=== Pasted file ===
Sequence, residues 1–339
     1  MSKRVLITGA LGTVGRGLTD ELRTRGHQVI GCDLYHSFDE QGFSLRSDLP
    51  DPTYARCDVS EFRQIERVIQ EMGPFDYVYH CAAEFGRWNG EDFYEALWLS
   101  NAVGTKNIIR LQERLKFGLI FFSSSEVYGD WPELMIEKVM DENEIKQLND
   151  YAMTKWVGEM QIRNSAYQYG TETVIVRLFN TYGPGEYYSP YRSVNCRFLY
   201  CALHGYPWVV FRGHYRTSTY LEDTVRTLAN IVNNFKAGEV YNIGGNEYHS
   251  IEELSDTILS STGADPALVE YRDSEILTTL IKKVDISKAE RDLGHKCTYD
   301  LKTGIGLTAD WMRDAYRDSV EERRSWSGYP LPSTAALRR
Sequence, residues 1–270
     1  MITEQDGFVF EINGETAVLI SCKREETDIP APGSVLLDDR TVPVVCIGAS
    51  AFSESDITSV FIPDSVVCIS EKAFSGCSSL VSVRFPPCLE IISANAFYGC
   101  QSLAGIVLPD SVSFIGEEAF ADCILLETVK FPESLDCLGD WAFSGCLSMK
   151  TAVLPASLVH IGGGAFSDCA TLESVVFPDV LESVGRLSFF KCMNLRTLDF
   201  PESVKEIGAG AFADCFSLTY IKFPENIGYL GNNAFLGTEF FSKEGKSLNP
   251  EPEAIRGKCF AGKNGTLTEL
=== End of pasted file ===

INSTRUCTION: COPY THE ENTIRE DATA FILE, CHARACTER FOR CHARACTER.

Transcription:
Sequence, residues 1–339
     1  MSKRVLITGA LGTVGRGLTD ELRTRGHQVI GCDLYHSFDE QGFSLRSDLP
    51  DPTYARCDVS EFRQIERVIQ EMGPFDYVYH CAAEFGRWNG EDFYEALWLS
   101  NAVGTKNIIR LQERLKFGLI FFSSSEVYGD WPELMIEKVM DENEIKQLND
   151  YAMTKWVGEM QIRNSAYQYG TETVIVRLFN TYGPGEYYSP YRSVNCRFLY
   201  CALHGYPWVV FRGHYRTSTY LEDTVRTLAN IVNNFKAGEV YNIGGNEYHS
   251  IEELSDTILS STGADPALVE YRDSEILTTL IKKVDISKAE RDLGHKCTYD
   301  LKTGIGLTAD WMRDAYRDSV EERRSWSGYP LPSTAALRR
Sequence, residues 1–270
     1  MITEQDGFVF EINGETAVLI SCKREETDIP APGSVLLDDR TVPVVCIGAS
    51  AFSESDITSV FIPDSVVCIS EKAFSGCSSL VSVRFPPCLE IISANAFYGC
   101  QSLAGIVLPD SVSFIGEEAF ADCILLETVK FPESLDCLGD WAFSGCLSMK
   151  TAVLPASLVH IGGGAFSDCA TLESVVFPDV LESVGRLSFF KCMNLRTLDF
   201  PESVKEIGAG AFADCFSLTY IKFPENIGYL GNNAFLGTEF FSKEGKSLNP
   251  EPEAIRGKCF AGKNGTLTEL